We’re entering Year Six of Thundermania here in Oklahoma City, and the level of expectation surrounding the team is as high as it has ever been. But with that expectation comes a certain degree of uncertainty.
After all the years of hearing about how the Thunder were an organization based around a true “team” concept, fans are now coming to accept that the Thunder are a two-headed horse. There’s simply no way that this team could hoist a championship banner without a healthy Kevin Durant and Russell Westbrook.
But last season’s collapse in the conference semifinals can’t be blamed on Westbrook’s injury alone. Serge Ibaka was a huge part of it, disappearing offensively once he didn’t have anybody to feed him the ball. Kevin Martin also played a large role, perpetually disappointing Thunder fans with his inconsistent shot. And I would be remiss to forget the performance of Kendrick Perkins, who went from serviceable to useless, even when he was in his element against the “Grit ‘n’ Grind” Grizzlies.
Adding to the uncertainty is the fact that the Thunder made next to no moves in the offseason. In fact, they ended up losing Martin because Ibaka’s new contract kicked in and they could not afford to go over the luxury tax. About the only significant gains came in the draft, where the Thunder took on a long-term project in big man Steven Adams. They also picked up Andre Roberson, who in a best-case scenario is a successor to the defensive-minded Thabo Sefolosha.
However, there is hope for the ever-elusive title run this season. Despite the Thunder’s losses, they still boast one of the youngest cores in the NBA, with room for improvement and growth as time goes on. All of the other potential contenders in the Western Conference are either dealing with age issues, injury issues, or will need to adjust to new personnel in key areas.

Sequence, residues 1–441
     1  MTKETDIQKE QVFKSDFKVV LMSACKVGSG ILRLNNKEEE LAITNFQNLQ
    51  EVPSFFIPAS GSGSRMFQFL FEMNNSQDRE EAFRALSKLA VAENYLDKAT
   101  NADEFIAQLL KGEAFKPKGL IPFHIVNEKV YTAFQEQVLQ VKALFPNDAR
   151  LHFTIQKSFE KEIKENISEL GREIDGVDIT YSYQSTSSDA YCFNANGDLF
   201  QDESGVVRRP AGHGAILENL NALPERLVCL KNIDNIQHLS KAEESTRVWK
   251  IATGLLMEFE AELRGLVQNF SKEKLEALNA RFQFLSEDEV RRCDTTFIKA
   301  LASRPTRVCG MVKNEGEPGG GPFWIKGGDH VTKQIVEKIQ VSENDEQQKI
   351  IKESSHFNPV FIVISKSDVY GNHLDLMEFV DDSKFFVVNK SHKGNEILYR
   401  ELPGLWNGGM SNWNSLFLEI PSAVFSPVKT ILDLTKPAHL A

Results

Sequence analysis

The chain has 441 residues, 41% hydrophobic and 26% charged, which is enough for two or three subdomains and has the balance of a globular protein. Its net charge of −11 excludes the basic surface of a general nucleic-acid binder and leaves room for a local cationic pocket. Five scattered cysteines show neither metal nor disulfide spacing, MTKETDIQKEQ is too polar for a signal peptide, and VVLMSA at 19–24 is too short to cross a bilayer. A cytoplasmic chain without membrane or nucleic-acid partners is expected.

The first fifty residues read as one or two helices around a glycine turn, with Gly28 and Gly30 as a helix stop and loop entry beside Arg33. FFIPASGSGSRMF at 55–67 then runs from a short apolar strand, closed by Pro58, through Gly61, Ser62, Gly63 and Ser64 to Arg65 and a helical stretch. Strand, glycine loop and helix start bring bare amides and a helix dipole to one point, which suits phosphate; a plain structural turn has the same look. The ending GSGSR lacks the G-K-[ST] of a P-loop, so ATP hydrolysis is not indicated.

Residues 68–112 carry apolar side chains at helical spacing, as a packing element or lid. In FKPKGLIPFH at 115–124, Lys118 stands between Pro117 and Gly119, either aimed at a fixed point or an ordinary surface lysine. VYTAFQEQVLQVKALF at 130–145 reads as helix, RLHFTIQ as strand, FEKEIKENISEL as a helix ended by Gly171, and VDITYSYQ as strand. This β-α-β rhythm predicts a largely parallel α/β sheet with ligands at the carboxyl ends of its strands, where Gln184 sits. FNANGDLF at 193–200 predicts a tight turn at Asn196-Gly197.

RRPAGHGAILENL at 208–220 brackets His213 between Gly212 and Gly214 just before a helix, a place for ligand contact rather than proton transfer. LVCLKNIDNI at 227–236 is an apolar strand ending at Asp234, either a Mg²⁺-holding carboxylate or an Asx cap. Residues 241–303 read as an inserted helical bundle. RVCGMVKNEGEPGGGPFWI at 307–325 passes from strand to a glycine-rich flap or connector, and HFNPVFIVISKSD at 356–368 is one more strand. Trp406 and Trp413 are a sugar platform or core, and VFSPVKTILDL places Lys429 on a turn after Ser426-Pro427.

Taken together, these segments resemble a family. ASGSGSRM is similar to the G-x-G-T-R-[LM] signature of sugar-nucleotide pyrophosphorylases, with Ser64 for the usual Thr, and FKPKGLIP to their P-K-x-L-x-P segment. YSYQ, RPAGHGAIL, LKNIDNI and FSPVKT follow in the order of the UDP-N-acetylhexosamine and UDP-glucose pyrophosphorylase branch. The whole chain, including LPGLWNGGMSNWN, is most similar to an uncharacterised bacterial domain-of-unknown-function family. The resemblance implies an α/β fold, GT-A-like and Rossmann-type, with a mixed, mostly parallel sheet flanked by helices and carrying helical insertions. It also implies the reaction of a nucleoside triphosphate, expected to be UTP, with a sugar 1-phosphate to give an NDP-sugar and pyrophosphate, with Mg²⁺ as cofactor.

The Thunder will surely make some noise in the West. How loud that noise is depends on a variety of factors. It’s impossible to chronicle them all, but here’s the five most important things to watch this season.
1. The emergence of Jeremy Lamb. After coming to Oklahoma City in the James Harden trade, Lamb spent more time in a Tulsa 66ers uniform than he did in a Thunder uniform last season. But after a year of development in the D-League, the hype on him is as high as ever.
His long wingspan comes into use offensively, as he can just shoot over his usually smaller defenders and doesn’t need to get overly creative near the rim. His range from the arc seems unlimited, as he regularly successfully pulls up from Durant territory.
However, Lamb wasn’t able to consistently perform at a high level in the Summer League, and his flaws seem to stem from his strengths. His long wingspan and lack of creativity will work against him when he has to face help defense in the paint, and his range can lead to some really bad shot selection. Moreover, he doesn’t have nearly the court vision that James Harden had, so he will have to rely on Reggie Jackson and Derek Fisher to do the majority of the ballhandling.
2. The continued progression of Serge Ibaka. Ibaka has an excellent reputation as a hard worker, staying behind long after practices and working on his shot well before tip-off. His tireless perfectionism has paid off, as he has gone from a raw talent who routinely committed mental errors to a refined power forward who can shoot almost as well as Sefolosha.